The Omnipresence of the “Unasked Question”

“In Louis Althusser’s notion of interpellation, it is the police who initiate the call or address by which a subject becomes socially constituted.  There is a policeman, the one not only who represents the law but whose address “Hey you!” has the effect of binding the law to the one who is hailedThe call is formative… precisely because it initiates the individual into the subjected status of the subject.” (Judith Butler, “Gender is Burning: Questions of Appropriation and Subversion, 381, emphasis added)

Judith Butler is making the argument that the police, and potentially other empowered groups, have the power to place or put the law on those whom they choose to address.  The police are inherently empowered by the virtue of their position and by the law itself. The person whom they have made a “subject” however is at the disposal of the power of the law and thus at the disposal of the power of the policeman.  

The portion of the piece of The Souls of Black Folk that is included in Call and Response opens with Du Bois alluding to an “unasked question” which stands “between [himself] and the other world” (737).   Du Bois is referring to himself as a Black man in America, and the other world is characterized by those of white descent.  In leading up to his delivery of the unasked question, Du Bois effectively dances around it, thus depicting and giving examples of the ways in which those of “the other world” “flutter round it” (737).  He offers that rather than ask the “unasked question:” “how does it feel to be a problem?,” those addressing him offer back-handed compliments (738). Du Bois indicates that his reaction is one of passive “veiled” anger, in which he has to deal with the rage, “boiling [it] to a simmer” (738).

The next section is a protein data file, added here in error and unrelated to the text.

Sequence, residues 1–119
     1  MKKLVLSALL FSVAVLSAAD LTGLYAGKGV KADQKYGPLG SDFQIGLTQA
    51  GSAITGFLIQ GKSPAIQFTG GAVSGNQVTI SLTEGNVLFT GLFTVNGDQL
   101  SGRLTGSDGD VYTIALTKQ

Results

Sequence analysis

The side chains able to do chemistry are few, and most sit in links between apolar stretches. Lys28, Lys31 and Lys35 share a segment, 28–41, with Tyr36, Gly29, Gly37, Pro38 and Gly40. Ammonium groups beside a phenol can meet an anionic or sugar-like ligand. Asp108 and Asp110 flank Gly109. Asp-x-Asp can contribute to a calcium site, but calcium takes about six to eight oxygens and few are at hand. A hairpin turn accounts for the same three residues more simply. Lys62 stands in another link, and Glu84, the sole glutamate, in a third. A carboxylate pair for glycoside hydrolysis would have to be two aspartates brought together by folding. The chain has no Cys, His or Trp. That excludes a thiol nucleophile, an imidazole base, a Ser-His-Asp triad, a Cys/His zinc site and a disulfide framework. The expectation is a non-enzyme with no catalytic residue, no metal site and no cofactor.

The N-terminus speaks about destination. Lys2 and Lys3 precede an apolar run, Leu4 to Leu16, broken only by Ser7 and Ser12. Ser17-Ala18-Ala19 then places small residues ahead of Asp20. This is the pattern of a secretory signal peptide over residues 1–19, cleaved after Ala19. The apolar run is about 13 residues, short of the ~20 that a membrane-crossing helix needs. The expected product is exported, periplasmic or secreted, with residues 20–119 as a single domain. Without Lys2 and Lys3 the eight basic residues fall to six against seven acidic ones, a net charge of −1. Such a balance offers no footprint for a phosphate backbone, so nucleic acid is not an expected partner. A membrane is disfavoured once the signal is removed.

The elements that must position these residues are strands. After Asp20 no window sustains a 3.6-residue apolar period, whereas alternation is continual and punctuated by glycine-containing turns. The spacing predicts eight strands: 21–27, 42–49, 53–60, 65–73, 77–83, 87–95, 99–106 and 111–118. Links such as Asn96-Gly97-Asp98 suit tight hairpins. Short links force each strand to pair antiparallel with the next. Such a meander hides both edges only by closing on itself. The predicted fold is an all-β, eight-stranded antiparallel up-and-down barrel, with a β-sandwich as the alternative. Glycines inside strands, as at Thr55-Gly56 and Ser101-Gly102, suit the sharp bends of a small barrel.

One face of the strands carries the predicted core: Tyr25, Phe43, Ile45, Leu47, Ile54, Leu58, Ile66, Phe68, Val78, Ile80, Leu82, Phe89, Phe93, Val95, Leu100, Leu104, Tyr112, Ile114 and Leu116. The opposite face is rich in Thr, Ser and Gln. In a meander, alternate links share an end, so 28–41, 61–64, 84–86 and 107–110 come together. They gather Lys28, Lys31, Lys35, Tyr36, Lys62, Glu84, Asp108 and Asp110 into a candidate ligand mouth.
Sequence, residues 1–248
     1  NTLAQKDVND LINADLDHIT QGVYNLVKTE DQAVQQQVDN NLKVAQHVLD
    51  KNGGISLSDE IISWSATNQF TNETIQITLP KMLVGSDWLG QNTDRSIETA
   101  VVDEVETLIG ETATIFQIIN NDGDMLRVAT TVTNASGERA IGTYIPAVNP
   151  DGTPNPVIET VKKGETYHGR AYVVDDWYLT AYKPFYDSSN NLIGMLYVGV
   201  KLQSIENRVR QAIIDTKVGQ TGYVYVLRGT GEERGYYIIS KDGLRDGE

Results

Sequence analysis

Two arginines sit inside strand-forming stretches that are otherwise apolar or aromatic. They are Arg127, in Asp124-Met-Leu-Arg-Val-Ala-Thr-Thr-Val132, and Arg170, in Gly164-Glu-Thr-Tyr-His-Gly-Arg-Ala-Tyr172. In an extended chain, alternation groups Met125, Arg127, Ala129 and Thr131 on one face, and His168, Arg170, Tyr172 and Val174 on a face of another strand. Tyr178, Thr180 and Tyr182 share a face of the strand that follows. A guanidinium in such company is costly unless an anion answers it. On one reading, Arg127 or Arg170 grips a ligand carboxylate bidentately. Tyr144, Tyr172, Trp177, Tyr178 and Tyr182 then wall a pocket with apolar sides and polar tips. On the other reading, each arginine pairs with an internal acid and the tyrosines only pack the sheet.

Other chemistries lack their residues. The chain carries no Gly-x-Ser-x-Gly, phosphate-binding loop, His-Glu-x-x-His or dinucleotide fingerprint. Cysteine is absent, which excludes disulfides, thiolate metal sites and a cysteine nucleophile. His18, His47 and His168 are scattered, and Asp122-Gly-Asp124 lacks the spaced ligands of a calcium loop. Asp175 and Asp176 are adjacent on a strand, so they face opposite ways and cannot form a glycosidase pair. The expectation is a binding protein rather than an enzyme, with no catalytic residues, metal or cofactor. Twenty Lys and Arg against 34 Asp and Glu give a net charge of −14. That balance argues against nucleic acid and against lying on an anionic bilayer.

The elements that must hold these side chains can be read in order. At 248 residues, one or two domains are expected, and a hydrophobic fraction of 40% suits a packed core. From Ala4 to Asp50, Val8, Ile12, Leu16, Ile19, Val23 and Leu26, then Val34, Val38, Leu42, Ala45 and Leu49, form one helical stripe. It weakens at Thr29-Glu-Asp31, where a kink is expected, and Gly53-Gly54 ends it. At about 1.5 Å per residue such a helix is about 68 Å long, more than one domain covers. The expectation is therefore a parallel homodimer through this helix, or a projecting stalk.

The interpellation in these types of interactions is different from what Butler lays out in “Gender is Burning.”  The figure of authority still “initiates the individual into the subjected status of the subject” through the interaction.  And this subjection still occurs by virtue of a power which is instilled in the authority figure. What is different is the type of address.  In Althusser’s version, the address is direct, a “call”: “Hey you!,” where “you” becomes the subject upon which the law is placed.  In Du Bois’ experiences, with what would now likely be termed microaggressions, the address is indirect in that the real address, the “unasked question” is skirted around.  I would argue that in Du Bois’ experiences the power structures have a greater hold over the subjects, in that those subjected are able to understand their subjection without it being directly pointed to. This “unasked question” stays on the minds of black people in America, without having to be spoken.

What is significant is the sheer power of “the white world” over the black person in America which makes the “unasked question” effectively asked and alluded to in real time, despite the fact that it is unspoken.  In fact, I wonder if it’s more realistic and accurate to call this “unasked question” the unspoken question? No matter what the authority figure says to get around asking what they are asking, the question still floats in the mind of the person who has become the subject.  Essentially the question is omnipresent and thus always being asked regardless of speech.

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